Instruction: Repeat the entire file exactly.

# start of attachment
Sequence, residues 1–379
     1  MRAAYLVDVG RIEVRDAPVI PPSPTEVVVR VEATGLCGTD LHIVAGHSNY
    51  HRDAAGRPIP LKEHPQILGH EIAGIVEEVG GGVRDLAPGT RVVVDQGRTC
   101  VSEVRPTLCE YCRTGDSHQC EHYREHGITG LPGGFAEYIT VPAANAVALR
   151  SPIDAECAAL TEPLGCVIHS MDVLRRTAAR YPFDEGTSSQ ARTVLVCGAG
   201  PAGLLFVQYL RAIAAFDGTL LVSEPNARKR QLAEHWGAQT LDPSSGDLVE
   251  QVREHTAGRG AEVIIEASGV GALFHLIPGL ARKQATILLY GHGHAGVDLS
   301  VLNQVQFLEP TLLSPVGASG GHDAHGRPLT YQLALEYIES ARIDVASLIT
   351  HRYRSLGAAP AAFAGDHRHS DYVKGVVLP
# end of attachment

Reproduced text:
Sequence, residues 1–379
     1  MRAAYLVDVG RIEVRDAPVI PPSPTEVVVR VEATGLCGTD LHIVAGHSNY
    51  HRDAAGRPIP LKEHPQILGH EIAGIVEEVG GGVRDLAPGT RVVVDQGRTC
   101  VSEVRPTLCE YCRTGDSHQC EHYREHGITG LPGGFAEYIT VPAANAVALR
   151  SPIDAECAAL TEPLGCVIHS MDVLRRTAAR YPFDEGTSSQ ARTVLVCGAG
   201  PAGLLFVQYL RAIAAFDGTL LVSEPNARKR QLAEHWGAQT LDPSSGDLVE
   251  QVREHTAGRG AEVIIEASGV GALFHLIPGL ARKQATILLY GHGHAGVDLS
   301  VLNQVQFLEP TLLSPVGASG GHDAHGRPLT YQLALEYIES ARIDVASLIT
   351  HRYRSLGAAP AAFAGDHRHS DYVKGVVLP